Our subject was united in marriage in his native county, September 4, 1845, to Miss Susan GILKESON, and they are the parents of seven children: Samuel G., born April 26, 1847; Elizabeth J., May 29, 1849; Esteline, November 22, 1850; Rebecca C., October 22, 1852; Mattie A., October 11, 1854; John C., February 14, 1854; Charles H., November 7, 1857. John C. died January 9, 1857; Charles H., September 7, 1886. He was thrown from a load of hay and only lived about and hour and a half.
Susan (GILKESON) ROGERS was born in Greenbrier County, W. Va., December 3, 1820. John ROGERS, the father of our subject, was born in the same place April 25, 1800, and remained there until 1850 when he removed to Cabell County, the same State, and was there until the spring of 1852, then went to Harrison County, Iowa, where he entered a half-section of land in LaGrange Township and was one of the first settlers in these parts. He improved and lived upon his farm as long as he lived. He closed his eyes upon the scenes of earth, November 20, 1880.
The mother of our subject, Elizabeth (COX) ROGERS, was born in Bath County, W. Va., June 9, 1796, and when a girl her parents removed to Greenbrier County where she remained until 1821, at which time she was married. She died in Harrison County, Iowa, April 20, 1869. This worthy couple were the parents of seven children, of whom our subject is the eldest. The mother was a member of the Presbyterian Church, as are both our subject and his wife.
Politically, Mr. ROGERS is identified with the Republican party, and among the offices he has held may be mentioned that of member of the Board of Supervisors for Harrison County; President of the School Board for six years and Township Clerk for the same length of time.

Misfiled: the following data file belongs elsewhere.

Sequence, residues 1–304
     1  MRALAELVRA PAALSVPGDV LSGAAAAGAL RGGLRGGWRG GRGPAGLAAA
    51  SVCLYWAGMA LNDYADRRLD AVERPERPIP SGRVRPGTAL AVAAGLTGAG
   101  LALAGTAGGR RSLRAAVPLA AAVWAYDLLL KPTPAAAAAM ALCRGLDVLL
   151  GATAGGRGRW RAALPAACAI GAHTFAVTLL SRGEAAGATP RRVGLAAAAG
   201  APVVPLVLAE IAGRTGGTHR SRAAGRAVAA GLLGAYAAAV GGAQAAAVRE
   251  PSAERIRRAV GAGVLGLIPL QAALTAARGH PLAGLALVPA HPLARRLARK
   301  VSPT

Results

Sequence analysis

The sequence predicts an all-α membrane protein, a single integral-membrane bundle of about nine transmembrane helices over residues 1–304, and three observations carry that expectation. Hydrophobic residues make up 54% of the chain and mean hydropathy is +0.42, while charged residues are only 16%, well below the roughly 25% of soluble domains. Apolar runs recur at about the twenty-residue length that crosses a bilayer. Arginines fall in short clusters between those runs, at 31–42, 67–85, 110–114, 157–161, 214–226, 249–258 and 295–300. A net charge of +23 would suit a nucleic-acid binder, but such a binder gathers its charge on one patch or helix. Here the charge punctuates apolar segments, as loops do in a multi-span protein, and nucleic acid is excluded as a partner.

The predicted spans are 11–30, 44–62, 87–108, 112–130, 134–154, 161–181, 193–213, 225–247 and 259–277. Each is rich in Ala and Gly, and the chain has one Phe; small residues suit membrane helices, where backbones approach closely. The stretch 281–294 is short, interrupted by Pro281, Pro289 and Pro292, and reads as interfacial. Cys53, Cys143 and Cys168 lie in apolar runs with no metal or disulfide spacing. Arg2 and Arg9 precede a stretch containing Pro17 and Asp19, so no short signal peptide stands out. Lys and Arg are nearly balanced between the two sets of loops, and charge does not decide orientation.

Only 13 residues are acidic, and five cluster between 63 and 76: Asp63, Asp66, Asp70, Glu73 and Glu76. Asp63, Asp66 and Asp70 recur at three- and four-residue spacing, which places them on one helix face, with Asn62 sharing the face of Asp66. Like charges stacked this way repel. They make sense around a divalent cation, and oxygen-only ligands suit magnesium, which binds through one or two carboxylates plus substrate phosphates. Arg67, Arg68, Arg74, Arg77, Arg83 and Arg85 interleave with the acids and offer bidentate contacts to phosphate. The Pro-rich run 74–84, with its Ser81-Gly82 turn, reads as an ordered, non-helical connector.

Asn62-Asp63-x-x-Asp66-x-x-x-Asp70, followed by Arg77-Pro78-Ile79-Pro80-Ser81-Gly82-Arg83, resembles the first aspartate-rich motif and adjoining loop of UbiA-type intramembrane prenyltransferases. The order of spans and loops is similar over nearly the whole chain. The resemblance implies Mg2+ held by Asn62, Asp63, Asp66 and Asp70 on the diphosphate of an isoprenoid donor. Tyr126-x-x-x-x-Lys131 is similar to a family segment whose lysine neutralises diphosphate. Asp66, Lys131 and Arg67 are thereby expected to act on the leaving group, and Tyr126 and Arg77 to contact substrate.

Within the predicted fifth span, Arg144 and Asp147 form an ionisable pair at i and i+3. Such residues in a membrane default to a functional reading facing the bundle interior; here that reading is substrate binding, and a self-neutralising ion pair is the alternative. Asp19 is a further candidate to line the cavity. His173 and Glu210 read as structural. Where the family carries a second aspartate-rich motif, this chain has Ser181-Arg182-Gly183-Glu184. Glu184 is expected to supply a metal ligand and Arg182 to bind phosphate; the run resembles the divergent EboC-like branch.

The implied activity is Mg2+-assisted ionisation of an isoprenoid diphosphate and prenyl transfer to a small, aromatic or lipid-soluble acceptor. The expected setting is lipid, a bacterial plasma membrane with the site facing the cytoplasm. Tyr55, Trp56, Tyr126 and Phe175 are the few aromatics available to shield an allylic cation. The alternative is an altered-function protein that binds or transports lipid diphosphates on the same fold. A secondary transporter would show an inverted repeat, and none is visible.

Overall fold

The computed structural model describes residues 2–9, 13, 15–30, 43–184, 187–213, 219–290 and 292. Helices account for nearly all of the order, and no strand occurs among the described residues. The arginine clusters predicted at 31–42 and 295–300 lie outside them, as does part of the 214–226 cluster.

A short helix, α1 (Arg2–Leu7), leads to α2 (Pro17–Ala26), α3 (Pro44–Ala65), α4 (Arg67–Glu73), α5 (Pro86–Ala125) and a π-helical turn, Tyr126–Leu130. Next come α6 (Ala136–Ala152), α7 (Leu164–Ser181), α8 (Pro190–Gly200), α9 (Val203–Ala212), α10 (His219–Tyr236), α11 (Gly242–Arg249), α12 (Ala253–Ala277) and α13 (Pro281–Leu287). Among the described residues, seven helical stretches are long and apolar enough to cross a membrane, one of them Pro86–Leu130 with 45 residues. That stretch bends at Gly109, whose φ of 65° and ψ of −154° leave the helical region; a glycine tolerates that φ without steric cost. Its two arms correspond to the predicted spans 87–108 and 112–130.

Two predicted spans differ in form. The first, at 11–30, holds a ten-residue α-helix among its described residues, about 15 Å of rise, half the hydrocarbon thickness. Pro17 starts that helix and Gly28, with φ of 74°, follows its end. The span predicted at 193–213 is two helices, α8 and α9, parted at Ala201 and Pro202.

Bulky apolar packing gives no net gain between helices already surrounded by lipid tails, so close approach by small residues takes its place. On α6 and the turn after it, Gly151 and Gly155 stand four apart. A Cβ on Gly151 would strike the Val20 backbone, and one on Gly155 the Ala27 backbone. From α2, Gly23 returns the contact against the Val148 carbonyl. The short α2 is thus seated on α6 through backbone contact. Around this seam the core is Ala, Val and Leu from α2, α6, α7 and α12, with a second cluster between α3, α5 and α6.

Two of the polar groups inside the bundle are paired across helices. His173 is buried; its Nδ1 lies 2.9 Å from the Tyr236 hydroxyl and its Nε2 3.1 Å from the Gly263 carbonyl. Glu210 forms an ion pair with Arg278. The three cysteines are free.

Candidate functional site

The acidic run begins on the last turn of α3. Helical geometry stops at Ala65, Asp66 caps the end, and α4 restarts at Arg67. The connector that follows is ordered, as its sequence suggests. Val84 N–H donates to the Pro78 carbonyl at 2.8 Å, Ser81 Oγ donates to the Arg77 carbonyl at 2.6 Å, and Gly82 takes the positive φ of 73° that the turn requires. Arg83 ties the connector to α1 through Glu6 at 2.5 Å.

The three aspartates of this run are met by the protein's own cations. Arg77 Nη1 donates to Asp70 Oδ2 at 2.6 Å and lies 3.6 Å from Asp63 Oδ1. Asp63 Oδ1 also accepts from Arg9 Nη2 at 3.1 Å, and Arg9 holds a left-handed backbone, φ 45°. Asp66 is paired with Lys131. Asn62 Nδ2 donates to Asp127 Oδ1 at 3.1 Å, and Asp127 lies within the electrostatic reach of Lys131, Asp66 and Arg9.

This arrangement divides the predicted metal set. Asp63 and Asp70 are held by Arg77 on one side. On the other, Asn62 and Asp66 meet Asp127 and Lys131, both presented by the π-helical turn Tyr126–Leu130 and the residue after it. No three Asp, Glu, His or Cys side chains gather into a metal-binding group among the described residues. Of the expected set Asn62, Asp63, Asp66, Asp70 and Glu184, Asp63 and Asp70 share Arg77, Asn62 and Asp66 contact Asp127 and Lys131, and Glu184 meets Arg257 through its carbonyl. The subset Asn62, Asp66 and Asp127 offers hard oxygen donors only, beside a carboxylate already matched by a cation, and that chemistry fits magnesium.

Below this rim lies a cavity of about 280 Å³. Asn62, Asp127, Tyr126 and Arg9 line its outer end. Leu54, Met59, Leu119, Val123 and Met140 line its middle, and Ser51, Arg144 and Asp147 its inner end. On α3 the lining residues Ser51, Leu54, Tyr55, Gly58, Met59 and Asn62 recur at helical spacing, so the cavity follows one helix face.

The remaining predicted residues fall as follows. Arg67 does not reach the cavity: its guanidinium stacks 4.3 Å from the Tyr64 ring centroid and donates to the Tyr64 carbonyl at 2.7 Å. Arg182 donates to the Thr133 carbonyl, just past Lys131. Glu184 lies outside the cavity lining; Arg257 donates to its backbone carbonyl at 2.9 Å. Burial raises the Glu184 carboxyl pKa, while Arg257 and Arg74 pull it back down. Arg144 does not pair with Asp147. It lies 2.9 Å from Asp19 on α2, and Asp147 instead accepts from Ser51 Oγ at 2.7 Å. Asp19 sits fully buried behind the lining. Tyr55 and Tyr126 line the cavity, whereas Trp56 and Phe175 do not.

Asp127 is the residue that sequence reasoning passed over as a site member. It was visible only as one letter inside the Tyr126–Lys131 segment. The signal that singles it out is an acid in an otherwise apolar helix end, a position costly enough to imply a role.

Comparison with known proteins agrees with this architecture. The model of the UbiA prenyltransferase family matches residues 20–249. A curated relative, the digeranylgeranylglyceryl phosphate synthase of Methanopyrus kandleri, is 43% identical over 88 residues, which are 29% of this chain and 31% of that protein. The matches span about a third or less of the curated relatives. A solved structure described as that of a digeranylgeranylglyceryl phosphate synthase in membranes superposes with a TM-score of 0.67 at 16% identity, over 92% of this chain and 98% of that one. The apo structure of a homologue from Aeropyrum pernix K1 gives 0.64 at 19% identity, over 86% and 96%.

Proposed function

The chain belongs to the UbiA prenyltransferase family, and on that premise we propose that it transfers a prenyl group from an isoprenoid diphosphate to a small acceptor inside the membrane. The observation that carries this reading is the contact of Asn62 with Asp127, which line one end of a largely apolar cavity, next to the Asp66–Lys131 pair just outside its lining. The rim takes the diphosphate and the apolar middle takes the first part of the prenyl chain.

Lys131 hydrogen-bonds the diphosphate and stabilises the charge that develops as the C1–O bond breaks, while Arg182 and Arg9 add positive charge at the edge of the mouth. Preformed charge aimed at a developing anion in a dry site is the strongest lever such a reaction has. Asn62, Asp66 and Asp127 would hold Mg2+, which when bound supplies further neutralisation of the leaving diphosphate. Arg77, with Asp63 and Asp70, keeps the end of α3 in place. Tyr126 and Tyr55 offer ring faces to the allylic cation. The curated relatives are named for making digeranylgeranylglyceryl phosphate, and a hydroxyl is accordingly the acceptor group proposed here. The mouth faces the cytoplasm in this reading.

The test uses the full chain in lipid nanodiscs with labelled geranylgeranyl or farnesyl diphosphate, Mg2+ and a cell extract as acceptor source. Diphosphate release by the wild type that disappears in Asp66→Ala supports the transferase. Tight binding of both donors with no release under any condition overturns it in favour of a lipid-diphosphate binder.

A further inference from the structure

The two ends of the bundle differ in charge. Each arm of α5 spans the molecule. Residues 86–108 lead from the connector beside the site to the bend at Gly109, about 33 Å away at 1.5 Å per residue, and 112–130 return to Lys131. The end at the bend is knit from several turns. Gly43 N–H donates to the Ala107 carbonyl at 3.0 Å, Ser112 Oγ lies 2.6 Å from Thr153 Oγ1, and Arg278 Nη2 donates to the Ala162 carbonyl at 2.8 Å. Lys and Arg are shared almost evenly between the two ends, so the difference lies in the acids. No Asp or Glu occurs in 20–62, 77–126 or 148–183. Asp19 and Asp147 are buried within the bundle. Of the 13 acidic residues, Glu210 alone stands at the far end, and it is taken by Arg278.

Mr. ROGERS had three brothers who came to this county in 1852, John M., David and Michael. All entered land in LaGrange Township and improved the same.
Michael did in 1881 in Texas, having moved to that State in 1869; John M. died in Kansas City, Mo., in 1884, having removed there the year previous; David is living in Dunlap; John M. was born in Greenbrier County, W. Va., July 4, 1832, and was married in Harrison County in October, 1856, to Miss Hope REUDDER. They had seven children. The widow and her family are living in Kansas City; Michael was born in the same county May 31, 1824, and was married there to Miss Sarah J. MOOREHEAD who bore him seven children. The widow is now living with one of her children in Nebraska.
Of our subject's children who are married it may be said that Elizabeth married Silas BROADWELL, November 20, 1867, and they are living in Portland, Ore., and have two children--Ernest and Charles. Estaline married Samuel JACK, March 4, 1875, and lives in Hiawatha, Kan.; Martha A. married Robert K. EBY, September 7, 1876; Catharine married W. G. JONES, December 13, 1877, and is living in Iowa County, Iowa; Charles H. married Ada E. FRAZIER, July 15, 1880. His widow still lives in LaGrange Township; Samuel G. married Ida C. EATLET, and is living in Washington, D. C., where he has a position which he has held for the pat five years in the Pension Department. He was Principal of the Logan Schools for nine years, and was Principal at Missouri Valley three years. He commenced to teach when he was sixteen years of age.
Source: 1891 Harrison County Iowa History, pp. 720, 721, 722